5 steps to having better body image

by | May 14, 2019 | How To's

“I don’t like the way I look”

“I wish I looked more like X”

“Once I’ve lost weight I will feel more XXX”

“Once I’ve lost this weight I will be able to XXX”

“There’s something wrong with me”

Are these things you hear yourself saying? I can certainly put my hands up to saying some of these things to myself previously.

Nowadays, we live in a society that is more and more obsessed with appearance. Both teenagers and adults are flooded with images of society’s idea of “perfect” bodies. We see adverts of diets co-opted as “lifestyles” designed to “transform and sculpt”, compounding the message that we are not good enough as we are. That we need to shrink or change our bodies to feel more worthy, accepted, happy and to have better health.

As a Registered non-diet Dietitian, specialising in Intuitive Eating, I work with clients to help them heal their relationship with food. Body image work comes into this frequently. This is because many of the food issues my clients experience, are underpinned by them trying to shrink or change their body.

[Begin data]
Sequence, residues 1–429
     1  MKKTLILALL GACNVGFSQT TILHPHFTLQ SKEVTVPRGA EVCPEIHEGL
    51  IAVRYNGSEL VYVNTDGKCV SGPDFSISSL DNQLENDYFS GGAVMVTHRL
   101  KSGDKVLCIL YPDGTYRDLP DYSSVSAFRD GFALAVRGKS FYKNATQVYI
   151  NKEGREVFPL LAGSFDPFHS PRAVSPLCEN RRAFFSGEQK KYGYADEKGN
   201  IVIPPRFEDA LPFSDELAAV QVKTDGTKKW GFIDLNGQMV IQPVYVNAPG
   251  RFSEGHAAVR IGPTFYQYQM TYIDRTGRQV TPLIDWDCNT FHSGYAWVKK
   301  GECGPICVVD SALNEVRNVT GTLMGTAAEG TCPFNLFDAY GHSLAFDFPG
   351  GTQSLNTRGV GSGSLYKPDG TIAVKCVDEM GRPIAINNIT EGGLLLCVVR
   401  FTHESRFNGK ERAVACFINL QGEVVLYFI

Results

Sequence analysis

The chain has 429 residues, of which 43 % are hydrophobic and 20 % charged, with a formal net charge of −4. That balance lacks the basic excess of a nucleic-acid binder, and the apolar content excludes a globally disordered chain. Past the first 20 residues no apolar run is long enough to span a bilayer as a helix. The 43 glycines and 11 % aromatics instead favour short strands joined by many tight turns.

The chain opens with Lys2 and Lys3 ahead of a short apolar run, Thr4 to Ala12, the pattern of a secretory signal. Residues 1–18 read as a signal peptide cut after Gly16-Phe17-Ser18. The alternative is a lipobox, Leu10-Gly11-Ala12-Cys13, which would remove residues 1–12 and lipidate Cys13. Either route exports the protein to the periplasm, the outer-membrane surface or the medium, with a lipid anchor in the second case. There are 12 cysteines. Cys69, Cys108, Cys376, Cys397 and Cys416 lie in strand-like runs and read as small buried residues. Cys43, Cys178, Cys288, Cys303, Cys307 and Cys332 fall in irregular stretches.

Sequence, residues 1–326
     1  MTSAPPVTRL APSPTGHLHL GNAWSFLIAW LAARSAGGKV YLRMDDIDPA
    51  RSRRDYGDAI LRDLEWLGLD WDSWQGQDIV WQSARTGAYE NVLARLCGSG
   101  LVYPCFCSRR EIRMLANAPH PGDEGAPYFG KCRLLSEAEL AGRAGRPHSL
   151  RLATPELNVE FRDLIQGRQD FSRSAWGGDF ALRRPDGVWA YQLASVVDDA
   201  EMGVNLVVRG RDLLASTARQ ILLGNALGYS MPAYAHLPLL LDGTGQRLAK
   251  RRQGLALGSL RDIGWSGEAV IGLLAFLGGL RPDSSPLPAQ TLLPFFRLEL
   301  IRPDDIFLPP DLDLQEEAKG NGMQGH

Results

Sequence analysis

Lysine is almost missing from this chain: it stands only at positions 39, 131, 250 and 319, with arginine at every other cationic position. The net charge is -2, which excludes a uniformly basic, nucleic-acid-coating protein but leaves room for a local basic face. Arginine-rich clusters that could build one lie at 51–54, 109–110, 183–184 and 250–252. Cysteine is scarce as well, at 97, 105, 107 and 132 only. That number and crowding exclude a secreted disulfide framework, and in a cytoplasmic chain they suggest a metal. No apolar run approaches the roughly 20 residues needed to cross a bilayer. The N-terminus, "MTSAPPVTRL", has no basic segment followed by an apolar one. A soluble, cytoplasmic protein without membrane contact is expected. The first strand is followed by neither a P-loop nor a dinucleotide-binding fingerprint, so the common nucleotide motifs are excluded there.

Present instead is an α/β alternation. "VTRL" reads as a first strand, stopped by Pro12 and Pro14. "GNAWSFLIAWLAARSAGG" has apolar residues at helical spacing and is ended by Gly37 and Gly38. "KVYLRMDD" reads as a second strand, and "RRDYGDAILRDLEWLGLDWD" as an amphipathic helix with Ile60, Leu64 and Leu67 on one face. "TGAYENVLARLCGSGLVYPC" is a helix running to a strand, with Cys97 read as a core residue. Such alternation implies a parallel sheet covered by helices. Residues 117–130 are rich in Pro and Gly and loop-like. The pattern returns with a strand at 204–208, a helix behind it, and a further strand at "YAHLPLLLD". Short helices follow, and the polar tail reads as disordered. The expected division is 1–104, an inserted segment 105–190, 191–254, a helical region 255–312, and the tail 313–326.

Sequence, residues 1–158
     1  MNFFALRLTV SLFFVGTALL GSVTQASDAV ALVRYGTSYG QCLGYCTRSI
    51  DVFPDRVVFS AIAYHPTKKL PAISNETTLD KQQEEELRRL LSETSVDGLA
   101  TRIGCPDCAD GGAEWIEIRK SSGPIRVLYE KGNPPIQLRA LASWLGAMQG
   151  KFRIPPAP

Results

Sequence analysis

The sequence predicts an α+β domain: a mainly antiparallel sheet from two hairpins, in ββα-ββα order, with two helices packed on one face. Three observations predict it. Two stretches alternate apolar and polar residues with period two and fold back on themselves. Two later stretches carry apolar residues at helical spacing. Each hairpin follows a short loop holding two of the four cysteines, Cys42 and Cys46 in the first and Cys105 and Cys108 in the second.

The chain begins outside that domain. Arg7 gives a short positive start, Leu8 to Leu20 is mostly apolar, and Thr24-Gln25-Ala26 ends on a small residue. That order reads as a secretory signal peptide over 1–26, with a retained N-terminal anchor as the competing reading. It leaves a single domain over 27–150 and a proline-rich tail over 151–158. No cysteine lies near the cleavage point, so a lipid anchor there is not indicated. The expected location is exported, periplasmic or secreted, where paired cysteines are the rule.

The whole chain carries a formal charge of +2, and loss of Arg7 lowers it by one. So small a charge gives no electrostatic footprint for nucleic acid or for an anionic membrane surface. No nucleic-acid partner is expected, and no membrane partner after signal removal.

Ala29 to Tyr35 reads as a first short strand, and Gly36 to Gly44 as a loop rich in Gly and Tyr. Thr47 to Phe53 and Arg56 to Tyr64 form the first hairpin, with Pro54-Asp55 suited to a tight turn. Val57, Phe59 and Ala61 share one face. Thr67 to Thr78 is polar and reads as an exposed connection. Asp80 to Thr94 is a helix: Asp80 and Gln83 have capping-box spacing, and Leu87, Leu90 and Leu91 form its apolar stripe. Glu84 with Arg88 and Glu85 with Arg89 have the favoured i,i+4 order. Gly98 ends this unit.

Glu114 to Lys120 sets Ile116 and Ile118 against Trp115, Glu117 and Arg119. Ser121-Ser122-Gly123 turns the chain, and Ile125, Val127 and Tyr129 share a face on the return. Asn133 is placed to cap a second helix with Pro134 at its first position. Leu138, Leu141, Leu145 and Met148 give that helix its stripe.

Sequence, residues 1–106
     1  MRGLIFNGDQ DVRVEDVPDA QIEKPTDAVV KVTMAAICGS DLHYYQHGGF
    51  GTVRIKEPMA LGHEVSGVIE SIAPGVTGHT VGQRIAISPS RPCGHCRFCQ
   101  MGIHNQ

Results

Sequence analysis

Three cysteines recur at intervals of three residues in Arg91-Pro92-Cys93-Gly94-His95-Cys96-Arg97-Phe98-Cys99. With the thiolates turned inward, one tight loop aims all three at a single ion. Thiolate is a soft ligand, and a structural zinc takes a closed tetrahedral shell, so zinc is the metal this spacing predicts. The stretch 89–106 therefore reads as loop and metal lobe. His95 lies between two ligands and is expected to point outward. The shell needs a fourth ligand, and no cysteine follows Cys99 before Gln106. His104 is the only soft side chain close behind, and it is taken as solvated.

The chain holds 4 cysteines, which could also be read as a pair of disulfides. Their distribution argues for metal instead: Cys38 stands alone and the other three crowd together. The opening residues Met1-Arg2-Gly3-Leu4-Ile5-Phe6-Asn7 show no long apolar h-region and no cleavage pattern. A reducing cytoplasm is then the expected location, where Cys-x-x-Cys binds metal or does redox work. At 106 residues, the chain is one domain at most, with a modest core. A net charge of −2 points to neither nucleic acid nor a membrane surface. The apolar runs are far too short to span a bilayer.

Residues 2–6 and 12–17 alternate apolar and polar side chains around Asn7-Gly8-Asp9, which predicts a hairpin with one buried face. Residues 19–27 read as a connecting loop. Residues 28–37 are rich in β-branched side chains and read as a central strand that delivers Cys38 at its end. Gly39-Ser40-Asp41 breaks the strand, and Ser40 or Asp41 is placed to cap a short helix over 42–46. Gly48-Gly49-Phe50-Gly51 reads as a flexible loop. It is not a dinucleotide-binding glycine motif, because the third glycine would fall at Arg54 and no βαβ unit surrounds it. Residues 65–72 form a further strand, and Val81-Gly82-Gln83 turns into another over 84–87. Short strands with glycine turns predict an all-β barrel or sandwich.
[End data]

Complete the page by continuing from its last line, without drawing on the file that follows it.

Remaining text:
Image by Moose Kleenex

What is body image and why does this matter?

The Mental Health Foundation describe body image as “a term used to describe how we think and feel about our bodies”. As a society, we are becoming more aware of the impact of how we think and feel about our bodies on our health and wellbeing. In fact, just recently the Mental Health Foundation conducted an online survey of 4500 UK adults over the age of 18, and 1100 teenagers (aged 13-19). They found:

  • 1 in 5 adults (20%) felt shame about their bodies.
  • 34% of adults felt low or down and 19% felt disgusted because of their body image.
  • 13% (1 in 8) even experienced suicidal thoughts in relation to body image.